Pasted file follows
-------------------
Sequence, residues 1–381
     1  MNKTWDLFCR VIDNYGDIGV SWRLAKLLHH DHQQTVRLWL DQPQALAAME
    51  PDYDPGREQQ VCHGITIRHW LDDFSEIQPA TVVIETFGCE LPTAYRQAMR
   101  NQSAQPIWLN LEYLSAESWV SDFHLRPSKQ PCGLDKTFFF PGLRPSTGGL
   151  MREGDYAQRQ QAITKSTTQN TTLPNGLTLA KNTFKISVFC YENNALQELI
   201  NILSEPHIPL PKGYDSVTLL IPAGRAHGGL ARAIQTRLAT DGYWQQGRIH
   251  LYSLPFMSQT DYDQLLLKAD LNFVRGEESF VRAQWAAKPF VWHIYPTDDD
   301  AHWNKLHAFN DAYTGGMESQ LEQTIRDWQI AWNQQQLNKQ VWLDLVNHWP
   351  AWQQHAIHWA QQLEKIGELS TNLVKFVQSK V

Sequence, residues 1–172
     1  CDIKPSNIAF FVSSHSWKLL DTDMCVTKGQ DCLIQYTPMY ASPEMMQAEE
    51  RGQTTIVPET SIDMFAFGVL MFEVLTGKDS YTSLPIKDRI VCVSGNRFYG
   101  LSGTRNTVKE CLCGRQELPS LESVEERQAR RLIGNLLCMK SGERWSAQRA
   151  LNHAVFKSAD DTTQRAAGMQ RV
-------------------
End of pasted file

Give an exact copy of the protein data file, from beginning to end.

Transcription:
Sequence, residues 1–381
     1  MNKTWDLFCR VIDNYGDIGV SWRLAKLLHH DHQQTVRLWL DQPQALAAME
    51  PDYDPGREQQ VCHGITIRHW LDDFSEIQPA TVVIETFGCE LPTAYRQAMR
   101  NQSAQPIWLN LEYLSAESWV SDFHLRPSKQ PCGLDKTFFF PGLRPSTGGL
   151  MREGDYAQRQ QAITKSTTQN TTLPNGLTLA KNTFKISVFC YENNALQELI
   201  NILSEPHIPL PKGYDSVTLL IPAGRAHGGL ARAIQTRLAT DGYWQQGRIH
   251  LYSLPFMSQT DYDQLLLKAD LNFVRGEESF VRAQWAAKPF VWHIYPTDDD
   301  AHWNKLHAFN DAYTGGMESQ LEQTIRDWQI AWNQQQLNKQ VWLDLVNHWP
   351  AWQQHAIHWA QQLEKIGELS TNLVKFVQSK V

Sequence, residues 1–172
     1  CDIKPSNIAF FVSSHSWKLL DTDMCVTKGQ DCLIQYTPMY ASPEMMQAEE
    51  RGQTTIVPET SIDMFAFGVL MFEVLTGKDS YTSLPIKDRI VCVSGNRFYG
   101  LSGTRNTVKE CLCGRQELPS LESVEERQAR RLIGNLLCMK SGERWSAQRA
   151  LNHAVFKSAD DTTQRAAGMQ RV